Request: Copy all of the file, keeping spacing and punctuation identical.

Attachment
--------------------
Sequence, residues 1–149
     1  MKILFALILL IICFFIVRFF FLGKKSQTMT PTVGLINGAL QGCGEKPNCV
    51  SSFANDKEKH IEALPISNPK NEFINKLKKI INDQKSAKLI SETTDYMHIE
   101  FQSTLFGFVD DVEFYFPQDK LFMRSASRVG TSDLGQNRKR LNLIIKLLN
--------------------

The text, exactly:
Sequence, residues 1–149
     1  MKILFALILL IICFFIVRFF FLGKKSQTMT PTVGLINGAL QGCGEKPNCV
    51  SSFANDKEKH IEALPISNPK NEFINKLKKI INDQKSAKLI SETTDYMHIE
   101  FQSTLFGFVD DVEFYFPQDK LFMRSASRVG TSDLGQNRKR LNLIIKLLN